Wednesday, December 5, 2012

Arkansas Game and Fish Commission v. U.S.

In the U.S. Supreme Court, Case No. 11-597. Appealed from the U.S. Court of Appeals, Federal Circuit, Case No. 2009-5121 & 2010-5029 [See WIMS 3/31/11]. Justice Ginsburg delivered the opinion of the Court, in which all other Members joined, except Justice Kagan, who took no part in the consideration or decision of the case.

    In the opinion, the Supreme Court indicates that periodically from 1993 until 2000, the U. S. Army Corps of Engineers (Corps) authorized flooding that extended into the peak growing season for timber on forest land owned and managed by petitioner, Arkansas Game and Fish Commission (Commission). Cumulative in effect, the repeated flooding damaged or destroyed more than 18 million board feet of timber and disrupted the ordinary use and enjoyment of the Commission's property. The Commission sought compensation from the United States pursuant to the Fifth Amendment's instruction: "[N]or shall private property be taken for public use, without just compensation." The question presented is whether a taking may occur, within the meaning of the Takings Clause, when government-induced flood invasions, although repetitive, are temporary.

    The Supreme Court said, "Ordinarily, this Court's decisions confirm, if government action would qualify as a taking when permanently continued, temporary actions of the same character may also qualify as a taking. In the instant case, the parties and the courts below divided on the appropriate classification of temporary flooding. Reversing the judgment of the Court of Federal Claims, which awarded compensation to the Commission, the Federal Circuit held, 2 to 1, that compensation may be sought only when flooding is 'a permanent or inevitably recurring condition, rather than an inherently temporary situation.' 637 F. 3d 1366, 1378 (2011). We disagree and conclude that recurrent floodings, even if of finite duration, are not categorically exempt from Takings Clause liability."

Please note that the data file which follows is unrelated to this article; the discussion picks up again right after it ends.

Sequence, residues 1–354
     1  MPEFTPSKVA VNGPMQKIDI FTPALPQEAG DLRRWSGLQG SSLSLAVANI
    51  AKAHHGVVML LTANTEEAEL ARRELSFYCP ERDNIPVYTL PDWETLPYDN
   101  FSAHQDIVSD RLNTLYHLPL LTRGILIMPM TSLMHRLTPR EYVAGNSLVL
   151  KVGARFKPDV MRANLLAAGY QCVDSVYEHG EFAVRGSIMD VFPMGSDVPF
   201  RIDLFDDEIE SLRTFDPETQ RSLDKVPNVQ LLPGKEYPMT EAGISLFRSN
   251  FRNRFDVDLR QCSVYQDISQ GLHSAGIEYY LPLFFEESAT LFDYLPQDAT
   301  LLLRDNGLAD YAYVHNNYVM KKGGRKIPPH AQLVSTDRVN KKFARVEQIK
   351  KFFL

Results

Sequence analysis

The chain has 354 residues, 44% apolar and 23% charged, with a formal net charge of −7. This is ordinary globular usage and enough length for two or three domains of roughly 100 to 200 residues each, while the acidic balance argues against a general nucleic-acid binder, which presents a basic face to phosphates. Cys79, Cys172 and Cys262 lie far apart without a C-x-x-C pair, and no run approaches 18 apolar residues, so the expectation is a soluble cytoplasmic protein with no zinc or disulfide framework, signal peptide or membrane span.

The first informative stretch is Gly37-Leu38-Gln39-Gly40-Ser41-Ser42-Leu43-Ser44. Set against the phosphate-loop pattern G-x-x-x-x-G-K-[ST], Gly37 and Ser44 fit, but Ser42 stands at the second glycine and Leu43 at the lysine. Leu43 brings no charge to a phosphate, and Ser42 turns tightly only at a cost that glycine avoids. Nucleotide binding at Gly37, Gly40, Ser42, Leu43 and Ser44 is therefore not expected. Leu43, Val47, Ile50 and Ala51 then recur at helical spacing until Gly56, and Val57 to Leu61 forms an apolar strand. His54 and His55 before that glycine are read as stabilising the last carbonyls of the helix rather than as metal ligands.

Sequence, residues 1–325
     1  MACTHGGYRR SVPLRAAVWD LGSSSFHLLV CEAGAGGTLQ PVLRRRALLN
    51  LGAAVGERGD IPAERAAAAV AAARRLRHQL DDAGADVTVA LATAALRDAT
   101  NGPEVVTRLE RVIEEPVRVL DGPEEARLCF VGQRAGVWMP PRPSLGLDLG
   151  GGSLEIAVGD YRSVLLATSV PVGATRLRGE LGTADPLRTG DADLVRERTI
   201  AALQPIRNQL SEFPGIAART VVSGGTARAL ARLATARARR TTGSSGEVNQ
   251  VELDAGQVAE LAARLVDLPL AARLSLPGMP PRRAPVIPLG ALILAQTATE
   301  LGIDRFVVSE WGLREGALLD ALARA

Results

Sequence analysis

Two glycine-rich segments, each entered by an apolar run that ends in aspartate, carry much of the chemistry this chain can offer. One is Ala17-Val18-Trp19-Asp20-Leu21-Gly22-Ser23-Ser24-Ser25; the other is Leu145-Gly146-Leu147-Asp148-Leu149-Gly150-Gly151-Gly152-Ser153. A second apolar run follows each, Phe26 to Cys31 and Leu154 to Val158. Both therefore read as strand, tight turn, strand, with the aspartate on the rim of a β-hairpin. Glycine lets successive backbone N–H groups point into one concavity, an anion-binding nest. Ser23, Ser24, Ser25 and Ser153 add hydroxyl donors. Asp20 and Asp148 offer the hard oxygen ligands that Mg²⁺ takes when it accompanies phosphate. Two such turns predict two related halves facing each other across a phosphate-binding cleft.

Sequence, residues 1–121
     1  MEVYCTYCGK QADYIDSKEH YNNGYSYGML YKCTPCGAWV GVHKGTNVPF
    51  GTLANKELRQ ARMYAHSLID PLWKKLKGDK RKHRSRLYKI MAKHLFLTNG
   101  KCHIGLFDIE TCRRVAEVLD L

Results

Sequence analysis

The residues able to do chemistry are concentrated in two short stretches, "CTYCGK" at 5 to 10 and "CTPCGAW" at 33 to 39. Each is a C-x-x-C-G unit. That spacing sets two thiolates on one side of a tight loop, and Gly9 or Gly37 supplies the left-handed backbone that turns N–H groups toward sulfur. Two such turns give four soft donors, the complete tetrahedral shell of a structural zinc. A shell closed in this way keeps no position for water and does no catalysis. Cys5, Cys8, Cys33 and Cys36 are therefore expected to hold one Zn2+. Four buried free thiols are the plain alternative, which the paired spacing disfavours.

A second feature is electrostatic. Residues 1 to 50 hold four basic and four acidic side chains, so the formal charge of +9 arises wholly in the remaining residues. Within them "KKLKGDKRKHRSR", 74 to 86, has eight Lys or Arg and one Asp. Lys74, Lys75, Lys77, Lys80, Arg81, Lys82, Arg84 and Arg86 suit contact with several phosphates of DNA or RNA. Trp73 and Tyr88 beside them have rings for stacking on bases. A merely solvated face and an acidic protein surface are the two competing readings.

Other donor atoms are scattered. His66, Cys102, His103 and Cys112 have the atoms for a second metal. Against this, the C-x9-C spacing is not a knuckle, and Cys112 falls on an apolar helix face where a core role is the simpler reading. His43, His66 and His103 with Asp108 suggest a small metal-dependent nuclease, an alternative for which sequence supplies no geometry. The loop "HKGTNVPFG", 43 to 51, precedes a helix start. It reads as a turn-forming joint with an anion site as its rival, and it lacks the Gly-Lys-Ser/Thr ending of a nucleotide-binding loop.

The Supreme Court said further, "We rule today, simply and only, that government induced flooding temporary in duration gains no automatic exemption from Takings Clause inspection. When regulation or temporary physical invasion by government interferes with private property, our decisions recognize, time is indeed a factor in determining the existence vel non of a compensable taking."
    Access the complete opinion (click here). Access the Supreme Court docket for this case (click here). Access the oral argument transcript (click here). Access merit and amicus briefs in the case (click here). Access the complete opinion of the Federal Circuit (click here). [#Water, #Land, #SupCt #CAFed]
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